Renault, Nissan, Mitsubishi reaffirm commitment to alliance

Carlos Ghosn is suspected of under-reporting his income
Carlos Ghosn is suspected of under-reporting his income

Automakers Renault, Nissan and Mitsubishi reaffirmed their committment to their alliance on Thursday as company leaders held their first meeting since the shock arrest of boss Carlos Ghosn.

"We remain fully committed to the Alliance," the three firms said in a joint statement as Ghosn remains in custody in Japan on allegations of financial misconduct.

The talismanic Ghosn was seen as the glue binding together a complex three-way structure which counts as the world's top-selling auto company, with some 10.6 million vehicles rolling off the production lines last year.

His arrest revealed brewing resentment and unrest within the Franco-Japanese partnership.

Nissan chief executive Nissan Hiroto Saikawa, Renault's interim boss Thierry Bollore and Mitsuibishi's Osamu Masuko conversed via video, sources and the Nikkei daily reported.

Issues of governance were not meant to be raised in the meeting and no vote was planned, the sources told AFP.

In their joint statement on Thursday, the three firms said their "alliance has achieved unparalleled success in the past two decades".

The leaders of the three companies also sent an internal message that reassures employees that the alliance remains on track.

"We owe you this expression of cohesion and commitment to the Alliance today more than ever" said the statement, according to a copy consulted by AFP.

"We are in close touch with each other and with our key stakeholders. All have expressed strong support and a shared desire to maintain our winning combination," it added.

Renault is the dominant member of the alliance, holding 43 percent of the shares in Nissan, but the Japanese firm now outsells its French counterpart—sparking frustration in Tokyo.

French Finance minister Bruno Le Maire on Tuesday warned that there was no question of a change in the balance of power between Renault, which is 15 percent owned by the French state, and its Japanese partners.

"There is a partnership which seems good to me, there is a good balance. There are cross-shareholdings between Renault and Nissan which should not change," Le Maire said on France's LCI news channel.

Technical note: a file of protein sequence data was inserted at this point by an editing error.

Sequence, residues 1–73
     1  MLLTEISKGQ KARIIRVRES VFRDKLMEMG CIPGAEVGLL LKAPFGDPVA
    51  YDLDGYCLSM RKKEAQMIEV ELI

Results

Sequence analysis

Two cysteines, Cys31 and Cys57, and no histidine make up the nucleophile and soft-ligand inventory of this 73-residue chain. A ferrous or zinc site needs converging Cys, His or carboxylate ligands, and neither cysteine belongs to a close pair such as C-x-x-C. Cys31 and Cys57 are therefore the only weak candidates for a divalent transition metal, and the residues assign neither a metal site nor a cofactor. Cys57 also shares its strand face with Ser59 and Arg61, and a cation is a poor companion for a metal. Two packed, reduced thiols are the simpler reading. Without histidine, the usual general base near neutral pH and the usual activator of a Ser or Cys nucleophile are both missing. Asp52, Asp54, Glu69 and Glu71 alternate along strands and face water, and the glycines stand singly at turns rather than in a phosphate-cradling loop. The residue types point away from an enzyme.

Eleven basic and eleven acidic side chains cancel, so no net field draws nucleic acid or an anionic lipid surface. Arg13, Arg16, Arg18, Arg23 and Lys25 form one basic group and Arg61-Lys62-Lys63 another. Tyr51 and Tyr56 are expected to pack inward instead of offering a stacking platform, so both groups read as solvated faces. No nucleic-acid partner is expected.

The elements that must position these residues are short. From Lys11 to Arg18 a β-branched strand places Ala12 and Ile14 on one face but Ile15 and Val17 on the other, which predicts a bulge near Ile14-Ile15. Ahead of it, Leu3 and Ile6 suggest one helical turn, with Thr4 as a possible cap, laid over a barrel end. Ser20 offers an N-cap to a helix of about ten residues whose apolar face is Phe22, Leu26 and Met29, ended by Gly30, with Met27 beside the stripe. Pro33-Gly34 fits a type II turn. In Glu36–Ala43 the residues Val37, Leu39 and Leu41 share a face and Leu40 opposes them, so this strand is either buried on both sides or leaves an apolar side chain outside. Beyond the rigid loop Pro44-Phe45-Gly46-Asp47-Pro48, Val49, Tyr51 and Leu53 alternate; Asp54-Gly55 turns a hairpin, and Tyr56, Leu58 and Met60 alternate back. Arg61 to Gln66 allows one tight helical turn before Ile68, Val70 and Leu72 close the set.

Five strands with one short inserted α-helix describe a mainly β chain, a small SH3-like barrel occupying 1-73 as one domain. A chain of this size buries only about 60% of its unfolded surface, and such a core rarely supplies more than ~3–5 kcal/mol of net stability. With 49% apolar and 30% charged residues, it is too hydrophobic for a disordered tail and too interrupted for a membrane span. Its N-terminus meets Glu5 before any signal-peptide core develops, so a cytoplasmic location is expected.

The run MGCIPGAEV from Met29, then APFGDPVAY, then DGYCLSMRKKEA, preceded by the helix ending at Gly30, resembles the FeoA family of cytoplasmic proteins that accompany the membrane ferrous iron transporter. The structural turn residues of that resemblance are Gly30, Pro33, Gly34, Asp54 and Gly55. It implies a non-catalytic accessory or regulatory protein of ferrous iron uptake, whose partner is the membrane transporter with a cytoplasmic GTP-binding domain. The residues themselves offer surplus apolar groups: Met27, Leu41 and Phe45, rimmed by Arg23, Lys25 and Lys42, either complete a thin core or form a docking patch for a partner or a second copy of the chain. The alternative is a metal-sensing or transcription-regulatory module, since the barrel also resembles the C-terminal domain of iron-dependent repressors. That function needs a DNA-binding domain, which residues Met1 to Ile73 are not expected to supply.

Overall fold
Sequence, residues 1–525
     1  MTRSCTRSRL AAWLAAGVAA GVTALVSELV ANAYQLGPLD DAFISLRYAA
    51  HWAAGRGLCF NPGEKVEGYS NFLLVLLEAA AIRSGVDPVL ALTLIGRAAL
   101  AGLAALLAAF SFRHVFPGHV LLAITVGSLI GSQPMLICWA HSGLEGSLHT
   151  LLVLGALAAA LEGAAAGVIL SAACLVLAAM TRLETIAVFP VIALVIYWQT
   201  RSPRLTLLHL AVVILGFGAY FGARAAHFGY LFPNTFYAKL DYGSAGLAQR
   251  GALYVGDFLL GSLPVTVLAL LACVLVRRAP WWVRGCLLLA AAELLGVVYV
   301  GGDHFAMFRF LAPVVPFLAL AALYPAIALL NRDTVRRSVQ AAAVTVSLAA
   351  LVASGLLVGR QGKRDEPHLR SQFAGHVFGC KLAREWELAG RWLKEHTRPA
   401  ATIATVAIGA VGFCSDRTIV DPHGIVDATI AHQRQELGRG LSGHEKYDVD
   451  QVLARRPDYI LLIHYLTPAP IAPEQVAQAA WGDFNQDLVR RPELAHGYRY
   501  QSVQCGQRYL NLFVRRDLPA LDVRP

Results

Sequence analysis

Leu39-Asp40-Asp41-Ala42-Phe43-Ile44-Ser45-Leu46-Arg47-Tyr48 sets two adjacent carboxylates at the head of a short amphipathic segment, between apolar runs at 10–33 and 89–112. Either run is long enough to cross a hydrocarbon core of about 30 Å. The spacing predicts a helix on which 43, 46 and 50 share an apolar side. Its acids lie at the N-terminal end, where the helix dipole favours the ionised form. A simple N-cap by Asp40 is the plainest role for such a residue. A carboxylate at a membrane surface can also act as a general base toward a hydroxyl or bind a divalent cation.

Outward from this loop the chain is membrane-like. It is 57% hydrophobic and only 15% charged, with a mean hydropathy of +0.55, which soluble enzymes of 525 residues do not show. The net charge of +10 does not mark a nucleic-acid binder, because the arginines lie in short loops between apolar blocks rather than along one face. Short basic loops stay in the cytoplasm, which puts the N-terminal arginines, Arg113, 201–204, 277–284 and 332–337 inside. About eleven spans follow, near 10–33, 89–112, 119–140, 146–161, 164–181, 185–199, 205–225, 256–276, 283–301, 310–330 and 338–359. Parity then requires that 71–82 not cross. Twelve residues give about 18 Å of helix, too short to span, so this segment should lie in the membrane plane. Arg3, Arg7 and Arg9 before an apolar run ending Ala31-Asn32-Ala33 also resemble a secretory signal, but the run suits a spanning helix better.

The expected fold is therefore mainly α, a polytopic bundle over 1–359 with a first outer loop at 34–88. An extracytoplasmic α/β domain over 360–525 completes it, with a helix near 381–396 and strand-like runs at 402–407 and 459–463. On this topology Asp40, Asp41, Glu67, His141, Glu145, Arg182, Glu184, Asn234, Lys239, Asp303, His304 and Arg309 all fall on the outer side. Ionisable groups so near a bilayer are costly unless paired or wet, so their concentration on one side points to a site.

The rules of the alliance, based in the Netherlands, state that Renault and Nissan appoint five board members each but it is the French company which names the CEO while Nissan chooses the deputy.

The CEO holds a decisive vote in the case of a tie in board decisions.

While Ghosn has been ousted from Mitsubishi and Nissan, he remains CEO and chairman of Renault, albeit "incapacitated" for the moment, according to the French manufacturer.

Le Maire insisted Renault should retain the top position in the alliance: "This rule should not change".

The partnership uses shared factories and joint purchasing power to keep down costs.

These arrangements are not under threat, according to statements from both the Japanese and French sides.

Ghosn and close aide Greg Kelly were arrested last week for allegedly conspiring to under-report Ghosn's income by around $44 million—about half of what should have been reported—over five fiscal years until March 2015.

The 64-year-old tycoon denies the allegations but has not been able to defend himself publicly while he is in a Tokyo detention centre.

Renault shares were up 0.9 percent in late morning trading in Paris, slightly outpacing the CAC 40 index. The stock tumbled nearly 10 percent in the wake of Ghosn's arrest but has since recovered half of that drop.

Nissan gained 1.4 percent in Tokyo Thursday. Nissan's shares have also recovered much of the ground lost following Ghosn's arrest.

© 2018 AFP

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